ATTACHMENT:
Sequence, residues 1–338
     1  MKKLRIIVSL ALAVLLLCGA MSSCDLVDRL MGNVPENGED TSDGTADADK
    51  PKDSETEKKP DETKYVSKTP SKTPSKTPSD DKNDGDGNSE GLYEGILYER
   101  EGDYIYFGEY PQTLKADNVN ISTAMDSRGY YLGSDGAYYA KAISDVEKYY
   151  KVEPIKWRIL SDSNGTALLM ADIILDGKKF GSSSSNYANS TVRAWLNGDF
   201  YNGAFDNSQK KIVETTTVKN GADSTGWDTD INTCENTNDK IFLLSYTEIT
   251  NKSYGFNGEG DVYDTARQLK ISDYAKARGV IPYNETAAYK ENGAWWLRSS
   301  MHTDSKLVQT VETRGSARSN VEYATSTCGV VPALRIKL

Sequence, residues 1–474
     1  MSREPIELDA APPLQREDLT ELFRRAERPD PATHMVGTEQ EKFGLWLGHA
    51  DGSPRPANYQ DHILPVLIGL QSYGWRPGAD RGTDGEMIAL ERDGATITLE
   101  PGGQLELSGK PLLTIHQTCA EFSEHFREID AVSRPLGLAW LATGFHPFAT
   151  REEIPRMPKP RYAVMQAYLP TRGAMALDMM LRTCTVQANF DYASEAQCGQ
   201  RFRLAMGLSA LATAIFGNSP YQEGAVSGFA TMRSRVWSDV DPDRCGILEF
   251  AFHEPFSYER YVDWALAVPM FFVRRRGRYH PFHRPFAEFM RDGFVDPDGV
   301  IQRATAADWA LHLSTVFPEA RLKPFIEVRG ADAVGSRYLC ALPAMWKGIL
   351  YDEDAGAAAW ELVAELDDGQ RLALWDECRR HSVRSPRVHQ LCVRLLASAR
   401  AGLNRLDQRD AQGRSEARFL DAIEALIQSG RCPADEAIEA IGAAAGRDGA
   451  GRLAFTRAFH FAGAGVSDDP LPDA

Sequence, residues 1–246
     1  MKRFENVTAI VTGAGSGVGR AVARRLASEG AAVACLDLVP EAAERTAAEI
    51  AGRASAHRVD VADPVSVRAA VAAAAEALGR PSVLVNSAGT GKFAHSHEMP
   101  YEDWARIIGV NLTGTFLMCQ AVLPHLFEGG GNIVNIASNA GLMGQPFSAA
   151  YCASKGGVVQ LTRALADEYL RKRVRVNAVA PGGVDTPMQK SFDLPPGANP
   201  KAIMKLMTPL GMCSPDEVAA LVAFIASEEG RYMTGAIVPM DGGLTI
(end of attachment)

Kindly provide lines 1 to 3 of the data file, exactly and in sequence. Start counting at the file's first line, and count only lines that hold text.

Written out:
Sequence, residues 1–338
     1  MKKLRIIVSL ALAVLLLCGA MSSCDLVDRL MGNVPENGED TSDGTADADK
    51  PKDSETEKKP DETKYVSKTP SKTPSKTPSD DKNDGDGNSE GLYEGILYER